Sulak observes that “symptoms of cannabis overdose closely mirror the symptoms one would expect cannabis to relieve at appropriate doses: nausea, vomiting, diarrhea, sweating, spasms, tremors, anxiety, panic attacks, paranoia, dis-coordination, and disturbed sleep. Extreme overdoses can lead to hallucinations and even acute psychosis.”

Type 2 – THC and CBD: Power couple

Although many patients do well at the lowest effective dose, some benefit more from a high dose cannabis oil regimen, preferably one that includes a substantial amount of CBD as well as THC. By lowering the ceiling on THC’s psychoactivity, CBD makes high potency cannabis oil treatment easier to manage. If high doses are necessary, steady titration over several weeks will help build tolerance to THC’s tricky psychoactive effects.

CBD and THC are the power couple of cannabis therapeutics. Both compounds have remarkable medicinal attributes, and they work better in combination than as isolates. CBD can synergistically enhance THC’s anti-inflammatory and painkilling properties, for example, while reducing unwanted side effects.

A clinical study published in the Journal of Pain examined the efficacy of different dosage levels of Sativex, a cannabis-derived sublingual spray with 1:1 CBD:THC ratio, which is an approved medication in two dozen countries (but not in the United States). Of 263 cancer patients who were not finding pain relief with opiates, the group that received 21 mg of Sativex each day experienced significant improvements in pain levels, more so than the group that received 52 mg Sativex daily. And those given even higher doses (83 mg daily) reduced their pain no better than a placebo, but they experienced more adverse effects.

Cannabis therapeutics is personalized medicine. There is no single CBD:THC ratio or dosage that’s optimal for everyone. As little as 2.5 mg of CBD combined with a small amount of THC can have a therapeutic effect. If necessary, much higher doses of good quality CBD-rich formulations are safe and well tolerated.

For cannabis-naïve patients, it may be best to start with low doses of a CBD-rich remedy (with little THC) and increase the dosage (and, if necessary, the amount of THC) step-by-step. Take a few small doses over the course of the day, rather than one big dose.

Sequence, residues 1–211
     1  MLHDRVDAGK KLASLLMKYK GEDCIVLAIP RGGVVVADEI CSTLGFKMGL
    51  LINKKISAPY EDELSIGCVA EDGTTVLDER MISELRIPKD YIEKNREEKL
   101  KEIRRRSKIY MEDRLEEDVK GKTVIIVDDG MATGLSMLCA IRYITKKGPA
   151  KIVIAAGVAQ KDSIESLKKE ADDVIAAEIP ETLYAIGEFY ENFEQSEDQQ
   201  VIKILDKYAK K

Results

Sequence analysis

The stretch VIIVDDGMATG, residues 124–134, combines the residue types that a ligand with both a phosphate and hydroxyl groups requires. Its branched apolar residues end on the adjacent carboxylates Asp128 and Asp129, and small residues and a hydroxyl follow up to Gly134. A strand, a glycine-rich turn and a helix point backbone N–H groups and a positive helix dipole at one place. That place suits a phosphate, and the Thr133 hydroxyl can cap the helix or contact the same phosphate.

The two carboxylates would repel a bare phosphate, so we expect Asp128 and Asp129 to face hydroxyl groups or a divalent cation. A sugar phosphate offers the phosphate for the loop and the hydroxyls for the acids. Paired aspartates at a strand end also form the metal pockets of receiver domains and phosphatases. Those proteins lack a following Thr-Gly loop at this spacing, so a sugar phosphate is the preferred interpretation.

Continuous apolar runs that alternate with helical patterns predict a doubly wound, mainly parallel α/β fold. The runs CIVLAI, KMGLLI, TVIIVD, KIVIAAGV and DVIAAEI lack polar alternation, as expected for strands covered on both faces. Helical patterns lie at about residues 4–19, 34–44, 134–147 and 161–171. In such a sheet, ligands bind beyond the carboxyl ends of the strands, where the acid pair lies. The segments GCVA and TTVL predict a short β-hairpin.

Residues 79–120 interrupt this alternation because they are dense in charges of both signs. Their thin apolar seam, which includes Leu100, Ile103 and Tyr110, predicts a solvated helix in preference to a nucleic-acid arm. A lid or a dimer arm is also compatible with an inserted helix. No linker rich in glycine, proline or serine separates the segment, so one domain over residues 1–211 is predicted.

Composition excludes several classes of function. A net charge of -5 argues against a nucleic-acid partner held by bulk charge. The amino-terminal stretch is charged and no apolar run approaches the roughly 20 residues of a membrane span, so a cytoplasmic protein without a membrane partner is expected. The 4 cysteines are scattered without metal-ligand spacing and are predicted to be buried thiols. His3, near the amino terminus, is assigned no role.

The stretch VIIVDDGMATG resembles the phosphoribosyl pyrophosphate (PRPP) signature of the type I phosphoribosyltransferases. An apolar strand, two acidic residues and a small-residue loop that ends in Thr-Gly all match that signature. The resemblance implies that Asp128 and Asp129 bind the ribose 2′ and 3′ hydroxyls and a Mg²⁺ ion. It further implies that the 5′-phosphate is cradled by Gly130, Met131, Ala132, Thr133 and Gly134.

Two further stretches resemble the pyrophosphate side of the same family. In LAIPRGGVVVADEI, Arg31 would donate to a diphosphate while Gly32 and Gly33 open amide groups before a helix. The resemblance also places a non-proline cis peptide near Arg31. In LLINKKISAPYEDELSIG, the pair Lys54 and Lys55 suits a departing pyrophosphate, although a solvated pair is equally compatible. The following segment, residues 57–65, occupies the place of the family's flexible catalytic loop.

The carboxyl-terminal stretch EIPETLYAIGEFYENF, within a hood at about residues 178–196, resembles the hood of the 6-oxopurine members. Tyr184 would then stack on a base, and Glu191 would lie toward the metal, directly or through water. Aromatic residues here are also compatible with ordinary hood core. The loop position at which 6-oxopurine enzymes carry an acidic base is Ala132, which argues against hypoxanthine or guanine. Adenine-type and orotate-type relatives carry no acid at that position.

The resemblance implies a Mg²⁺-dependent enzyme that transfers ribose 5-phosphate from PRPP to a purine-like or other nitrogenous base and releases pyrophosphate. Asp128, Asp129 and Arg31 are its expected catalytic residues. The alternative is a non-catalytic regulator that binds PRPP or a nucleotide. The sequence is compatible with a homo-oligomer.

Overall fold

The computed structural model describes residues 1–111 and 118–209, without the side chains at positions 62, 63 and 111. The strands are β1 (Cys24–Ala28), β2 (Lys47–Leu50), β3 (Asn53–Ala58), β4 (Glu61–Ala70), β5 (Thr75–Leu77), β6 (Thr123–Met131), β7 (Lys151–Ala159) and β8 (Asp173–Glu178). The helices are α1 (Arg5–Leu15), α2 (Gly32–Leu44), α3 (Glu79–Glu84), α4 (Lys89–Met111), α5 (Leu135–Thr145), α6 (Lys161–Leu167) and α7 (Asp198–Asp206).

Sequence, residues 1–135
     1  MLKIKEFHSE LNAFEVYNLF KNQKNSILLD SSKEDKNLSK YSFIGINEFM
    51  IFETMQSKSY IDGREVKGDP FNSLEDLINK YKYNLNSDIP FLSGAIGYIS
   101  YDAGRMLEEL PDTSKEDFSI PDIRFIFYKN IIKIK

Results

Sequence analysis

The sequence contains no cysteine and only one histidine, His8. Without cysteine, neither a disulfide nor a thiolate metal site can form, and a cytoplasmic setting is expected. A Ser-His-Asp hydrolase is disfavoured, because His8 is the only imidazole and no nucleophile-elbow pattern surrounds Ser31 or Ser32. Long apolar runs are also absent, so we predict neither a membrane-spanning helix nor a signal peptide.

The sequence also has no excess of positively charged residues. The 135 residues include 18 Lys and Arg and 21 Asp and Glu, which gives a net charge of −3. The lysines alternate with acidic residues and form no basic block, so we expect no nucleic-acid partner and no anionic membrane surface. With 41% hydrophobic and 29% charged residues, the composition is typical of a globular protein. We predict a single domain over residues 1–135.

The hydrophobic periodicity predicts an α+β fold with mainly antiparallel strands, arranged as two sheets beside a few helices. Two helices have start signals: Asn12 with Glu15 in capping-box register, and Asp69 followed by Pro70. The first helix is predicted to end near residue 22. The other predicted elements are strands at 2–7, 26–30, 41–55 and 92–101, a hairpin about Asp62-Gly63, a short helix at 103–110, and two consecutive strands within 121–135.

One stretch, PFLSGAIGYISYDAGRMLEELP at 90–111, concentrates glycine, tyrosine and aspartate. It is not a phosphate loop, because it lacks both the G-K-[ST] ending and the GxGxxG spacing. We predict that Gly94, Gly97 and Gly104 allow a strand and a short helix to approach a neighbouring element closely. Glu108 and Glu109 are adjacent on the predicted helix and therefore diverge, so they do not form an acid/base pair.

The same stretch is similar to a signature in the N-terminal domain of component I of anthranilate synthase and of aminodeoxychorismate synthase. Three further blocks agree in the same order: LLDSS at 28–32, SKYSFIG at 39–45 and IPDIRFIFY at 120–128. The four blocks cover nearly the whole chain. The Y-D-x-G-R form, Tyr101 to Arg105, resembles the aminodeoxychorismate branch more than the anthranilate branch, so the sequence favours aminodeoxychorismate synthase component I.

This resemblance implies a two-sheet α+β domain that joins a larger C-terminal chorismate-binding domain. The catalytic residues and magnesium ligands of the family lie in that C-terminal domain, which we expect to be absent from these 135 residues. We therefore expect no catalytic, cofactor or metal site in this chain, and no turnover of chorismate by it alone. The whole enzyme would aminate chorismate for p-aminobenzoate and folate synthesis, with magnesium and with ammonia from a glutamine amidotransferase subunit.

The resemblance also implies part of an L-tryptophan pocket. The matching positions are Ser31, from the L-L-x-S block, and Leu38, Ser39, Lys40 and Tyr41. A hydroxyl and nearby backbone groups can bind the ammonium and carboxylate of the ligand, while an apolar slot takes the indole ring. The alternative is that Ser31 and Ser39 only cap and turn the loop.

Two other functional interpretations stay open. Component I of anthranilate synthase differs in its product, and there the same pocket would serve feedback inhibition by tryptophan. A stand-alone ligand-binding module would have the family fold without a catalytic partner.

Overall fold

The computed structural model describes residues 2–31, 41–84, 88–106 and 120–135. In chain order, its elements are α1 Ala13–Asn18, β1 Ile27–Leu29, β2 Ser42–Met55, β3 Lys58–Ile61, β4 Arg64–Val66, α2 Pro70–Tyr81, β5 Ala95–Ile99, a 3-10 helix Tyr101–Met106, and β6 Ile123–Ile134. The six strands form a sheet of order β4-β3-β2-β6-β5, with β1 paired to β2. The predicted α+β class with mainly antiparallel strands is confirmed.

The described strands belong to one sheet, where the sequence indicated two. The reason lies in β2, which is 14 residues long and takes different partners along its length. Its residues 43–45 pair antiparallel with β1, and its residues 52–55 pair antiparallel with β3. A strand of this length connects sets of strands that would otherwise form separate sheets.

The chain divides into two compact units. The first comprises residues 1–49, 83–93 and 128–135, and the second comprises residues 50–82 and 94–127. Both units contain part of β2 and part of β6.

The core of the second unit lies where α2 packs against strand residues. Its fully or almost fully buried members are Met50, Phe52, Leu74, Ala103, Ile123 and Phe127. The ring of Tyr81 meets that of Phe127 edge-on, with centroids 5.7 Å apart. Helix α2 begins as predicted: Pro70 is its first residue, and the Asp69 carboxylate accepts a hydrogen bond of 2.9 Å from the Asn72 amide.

But a low-THC product is not always the best treatment option. A more balanced combination of CBD and THC could have a greater impact than CBD or THC alone.

In essence, the goal is to administer consistent, measurable doses of a CBD-rich remedy with as much THC as a person is comfortable with. Experiment, observe the effects, and adjust the amount of CBD and THC until one finds the sweet spot with the right combination of both compounds.

Type 3 – Full-spectrum CBD-rich extracts

Microdosing cannabis is a feasible option for those who prefer not to leap over the psychoactive threshold. High dose CBD therapy is another way of healing without the high.

As a general rule, Type 3 CBD-dominant cannabis (with little THC) won’t make a person feel stoned. Nor will a pure CBD isolate (with no THC). But CBD isolates lack critical aromatic terpenes and other cannabinoids, which interact synergistically to enhance CBD’s therapeutic benefits. Single molecule cannabinoids are simply not as versatile or as efficacious as whole plant formulations.

Preclinical research indicates that full spectrum CBD-rich cannabis oil is effective at much lower doses and has a wider therapeutic window than a CBD isolate. “The therapeutic synergy observed with plant extracts results in the requirement for a lower amount of active components, with consequent reduced adverse side effects,” a 2015 Israeli study concluded.

In animal studies, CBD isolates require very high – and precise – doses to be effective. Problematic drug interactions are also more likely with a high-dose CBD isolate than with whole plant cannabis.

Hemp-derived CBD isolates and distillates are already available via numerous internet storefronts. Drug companies are also eyeing single molecule CBD as a treatment for intractable epilepsy, psychosis, and other diseases.

In a 2012 clinical trial involving 39 schizophrenics at a German hospital, 800 mg of pure pharmaceutical-grade CBD proved to be as effective as standard pharmaceutical treatments without causing the harsh side effects typically associated with antipsychotic drugs. But a follow-up study at Yale University found little cognitive improvement in schizophrenics who were given a CBD isolate.

Pharmaceutical CBD

Bereft of the THC stigma (and its therapeutic moxy), single-molecule CBD will soon become a FDA-approved pharmaceutical for pediatric seizure disorders. This is good news for families with epileptic children that have health insurance. Anyone without health insurance won’t be able to afford Epidiolex, a nearly pure CBD remedy developed by GW Pharmaceuticals as an anti-seizure medication.

Consider the dosage range utilized in clinical trials of epidiolex. Children with catastrophic seizure disorders were given up to 50 mg of epidiolex per kg of body weight. Such high doses caused interactions with other anticonvulsant medications, requiring adjustments of the latter to avoid a toxic overdose.